N.C. A&T’s Dr. Suzanne O’Regan Part of Team Using Big Data & Artificial Intelligence to Advance Disease Prevention
Through a new $2 million National Science Foundation grant, scientists at the Cary Institute of Ecosystem Studies, the University of Georgia, and North Carolina A&T State University are harnessing the power of machine learning to forecast outbreaks of zoonotic disease.
Each year, more than a billion people become sick from Ebola, Zika, SARS, and other pathogens acquired from wildlife, livestock, and other animals. Prevention relies on an ability to predict when and where pathogens are likely to make the leap from animals to people.
Barbara Han, a disease ecologist at the Cary Institute, is leading the five-year study. She explains, “We want to help shift society from a reactive to a proactive approach to managing zoonotic disease. Instead of responding to outbreaks, let’s try to stop them from happening in the first place. Using big data as a potential surveillance tool is an exciting new step toward prevention.”
Funding will enable the team to bring together information on pathogens, potential animal hosts, and environmental factors known to facilitate disease transmission, with the goal of developing innovative methods of mapping when and where the next major zoonotic disease outbreak might occur.
John Drake of the University of Georgia explains, “We are creating models which draw ‘boundaries’ around which species can host which pathogens, which pathogens can pass from animals to humans, and what combination of environmental factors facilitate spillover and human-to-human transmission. On the basis of these biological properties, we can pinpoint where disease emergence is possible.”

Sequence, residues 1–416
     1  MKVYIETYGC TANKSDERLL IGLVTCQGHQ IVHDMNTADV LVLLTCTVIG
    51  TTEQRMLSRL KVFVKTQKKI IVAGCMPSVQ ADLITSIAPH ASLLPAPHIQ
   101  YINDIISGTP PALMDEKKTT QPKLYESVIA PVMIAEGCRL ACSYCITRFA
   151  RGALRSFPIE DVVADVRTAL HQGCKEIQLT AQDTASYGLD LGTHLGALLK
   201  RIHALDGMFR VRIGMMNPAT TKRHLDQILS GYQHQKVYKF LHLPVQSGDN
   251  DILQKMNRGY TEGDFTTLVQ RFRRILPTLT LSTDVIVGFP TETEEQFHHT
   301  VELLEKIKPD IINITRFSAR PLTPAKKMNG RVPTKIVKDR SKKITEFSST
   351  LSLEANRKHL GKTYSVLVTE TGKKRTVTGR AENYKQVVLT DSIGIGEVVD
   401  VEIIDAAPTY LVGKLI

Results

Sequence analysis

Phase one of the study involves building predictive statistical models that will help the researchers identify traits common among animals that carry disease, and pathogens and parasites that cross the species barrier. “We are looking at data that describe hosts, pathogens, and their environments, to determine which combinations of these features presage disease being realized on a global landscape,” Han says.
Models are built using extensive data sets on the physical and life history traits of host species and known pathogens. Host-pathogen pairings are then linked to the geographical locations with suitable environmental conditions. Also considered are conditions surrounding documented disease outbreaks to determine what factors were at play when that disease broke out.
Suzanne O’Regan of North Carolina A&T State University explains, “By using data that is global in scale, we are seeking to reveal generalizable features of ‘good’ disease carriers. Over 50 life history features are being incorporated into models for most mammal groups.” This includes data on animals’ physical characteristics, metabolic and reproductive rates, range of diet, and timing of daily activity – whether the animal is primarily active during the day, at night, or at dawn and dusk.
On the pathogen side, the team is interested in: whether a pathogen is able to survive in a given host and environment, the mechanism by which the pathogen is transmitted between hosts, and whether it exhibits sustained transmission between people – as opposed to a single ‘dead-end’ transmission from animal host to human.
Environmental features broadly consider temperature, precipitation, seasonality, and biome. The study will also encompass country-specific socioecological factors such as GDP, public health infrastructure, and investment in research and healthcare – all of which bear important implications for how effectively a country can manage disease prevalence and respond to an outbreak.
The second subproject will investigate how diseases move dynamically within a system. Once the traits of hosts, pathogens, and their environments – and the relationships among them – are known, the team will incorporate these into mathematical models to reveal how disease dynamics might play out in animal populations over time. This approach accounts for traits such as lifespan and rate of reproduction, which directly impact how fast a pathogen can spread via a particular host.